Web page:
A 4th Ward resident could end up representing Norwalk's 1st Ward unless a lawsuit is filed.
Democrat Lynn Chapin ran for Norwalk City Council's 1st Ward seat against opponent Republican Scott Krichbaum even though, unbeknownst to her, she doesn't live in the 1st Ward.
Chapin's North Foster Street address, where she's lived since 1992, was in the city's 1st Ward until 2002, when city council redrew ward boundaries to more evenly distribute the population, according to Norwalk law director Stuart O'Hara.
"From our perspective she lives in the 4th Ward," he said Tuesday afternoon.
Unofficial election night results showed Chapin beating Krichbaum 311 to 303 in the 1st Ward.
Huron County Board of Elections director Tom Gerrity said provisional ballots in the 1st Ward race won't be counted until Monday.
Official election results won't be announced until Nov. 21.
But if Chapin had run for office in the correct ward, Krichbaum would've won the 1st Ward by running unopposed.
O'Hara said city law prohibits council people who are not at-large candidates from representing a ward unless they live within it. So if Chapin ultimately wins the 1st Ward election, it could be a huge problem.
"A mistake was made, and there doesn't appear to be any easy remedy," O'Hara said.
The mistake was made by Huron County Board of Election officials whose voter-registration database failed to correct Chapin when she filled out paperwork to run for office in the city's 1st Ward.
"I feel terrible this has happened," board of elections director Tom Gerrity said Thursday afternoon. "So do our board members. Now that we know there's a problem, we're going to fix it."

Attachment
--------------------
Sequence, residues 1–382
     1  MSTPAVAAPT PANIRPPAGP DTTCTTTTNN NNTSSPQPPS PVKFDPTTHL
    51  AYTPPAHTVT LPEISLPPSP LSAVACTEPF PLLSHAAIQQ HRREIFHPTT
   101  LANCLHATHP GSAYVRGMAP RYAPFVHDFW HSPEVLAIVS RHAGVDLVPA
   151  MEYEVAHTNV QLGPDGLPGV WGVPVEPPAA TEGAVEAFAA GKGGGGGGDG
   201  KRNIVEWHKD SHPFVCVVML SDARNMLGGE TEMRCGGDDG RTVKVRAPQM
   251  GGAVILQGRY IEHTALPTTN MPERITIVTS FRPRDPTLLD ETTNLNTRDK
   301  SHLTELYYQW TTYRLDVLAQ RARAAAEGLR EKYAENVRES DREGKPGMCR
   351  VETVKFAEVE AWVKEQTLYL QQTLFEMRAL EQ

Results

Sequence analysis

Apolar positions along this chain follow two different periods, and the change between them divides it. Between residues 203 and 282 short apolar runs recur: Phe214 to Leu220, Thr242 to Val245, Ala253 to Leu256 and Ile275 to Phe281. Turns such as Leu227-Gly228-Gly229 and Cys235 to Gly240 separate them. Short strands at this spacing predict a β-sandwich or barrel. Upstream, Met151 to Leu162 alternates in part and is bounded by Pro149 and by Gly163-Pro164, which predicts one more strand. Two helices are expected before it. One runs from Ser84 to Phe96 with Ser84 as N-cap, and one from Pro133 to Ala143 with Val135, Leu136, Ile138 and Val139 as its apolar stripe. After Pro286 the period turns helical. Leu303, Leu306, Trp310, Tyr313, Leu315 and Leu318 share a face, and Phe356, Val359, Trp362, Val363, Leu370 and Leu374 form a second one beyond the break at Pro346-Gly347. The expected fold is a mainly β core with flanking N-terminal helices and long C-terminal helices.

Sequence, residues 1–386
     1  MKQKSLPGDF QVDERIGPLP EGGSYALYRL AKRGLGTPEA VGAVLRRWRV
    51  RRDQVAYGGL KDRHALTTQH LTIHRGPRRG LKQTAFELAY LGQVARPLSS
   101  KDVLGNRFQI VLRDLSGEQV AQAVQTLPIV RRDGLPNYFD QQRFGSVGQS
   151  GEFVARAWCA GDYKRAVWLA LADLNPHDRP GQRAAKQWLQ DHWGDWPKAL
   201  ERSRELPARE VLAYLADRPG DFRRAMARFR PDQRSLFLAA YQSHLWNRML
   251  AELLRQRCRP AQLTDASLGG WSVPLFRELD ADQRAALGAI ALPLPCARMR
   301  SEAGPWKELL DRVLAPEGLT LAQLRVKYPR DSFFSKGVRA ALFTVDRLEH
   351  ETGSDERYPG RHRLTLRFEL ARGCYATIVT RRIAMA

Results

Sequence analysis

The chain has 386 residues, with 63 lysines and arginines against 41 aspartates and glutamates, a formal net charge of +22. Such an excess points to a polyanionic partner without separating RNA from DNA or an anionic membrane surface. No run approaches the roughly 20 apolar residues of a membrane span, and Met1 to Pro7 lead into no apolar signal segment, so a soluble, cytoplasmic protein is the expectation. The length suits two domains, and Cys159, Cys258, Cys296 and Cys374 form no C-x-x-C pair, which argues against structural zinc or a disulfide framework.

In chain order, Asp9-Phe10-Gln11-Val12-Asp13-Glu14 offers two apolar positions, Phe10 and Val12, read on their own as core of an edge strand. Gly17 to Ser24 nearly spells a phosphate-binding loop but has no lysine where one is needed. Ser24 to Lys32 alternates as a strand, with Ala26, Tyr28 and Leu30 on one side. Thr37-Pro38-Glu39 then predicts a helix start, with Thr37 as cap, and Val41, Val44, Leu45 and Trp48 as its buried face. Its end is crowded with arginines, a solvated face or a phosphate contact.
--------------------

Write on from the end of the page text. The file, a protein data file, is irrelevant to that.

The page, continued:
In an attempt to solve the problem, Gerrity contacted Secretary of State Jennifer Brunner's office.
Gretchen Quinn, an attorney with the secretary of state's office, sent Gerrity a memo on Friday saying Ohio law requires the board to name Chapin the winner if she does, in fact, win the election.
"It's up to the city to decide if the candidate should be sworn into office," Jeff Ortega, a spokesman for the secretary of state's office, said Tuesday.
But O'Hara said the city of Norwalk has no responsibility to sort out the situation.
That is a job for Huron County Common Pleas Court, he said.
"At that point we have to wait and see whether anyone files an election challenge," O'Hara said. "That can be filed by either the opposing candidate or 25 duly qualified electors from the (1st) Ward."
O'Hara said the suit must be filed within 30 days after the official election results are announced, but nothing can be done to correct the situation unless a lawsuit is filed.
"If nobody files a lawsuit, then she'd be entitled to be sworn in and we'd have to look at whether she can continue to serve," he said.
After hearing his options for the first time Tuesday night, Krichbaum wasn't sure what to do.
"I haven't really thought about that yet," he said. "I really don't have a comment at this time."
Chapin said all the confusion after the Nov. 6 election has put a damper on her unofficial victory.
"I've worked all summer long for this, and now I don't even know what to think," she said. "The people voted for me to represent them, and I'm starting to worry that I'm not going to be able to, through no fault of mine or theirs."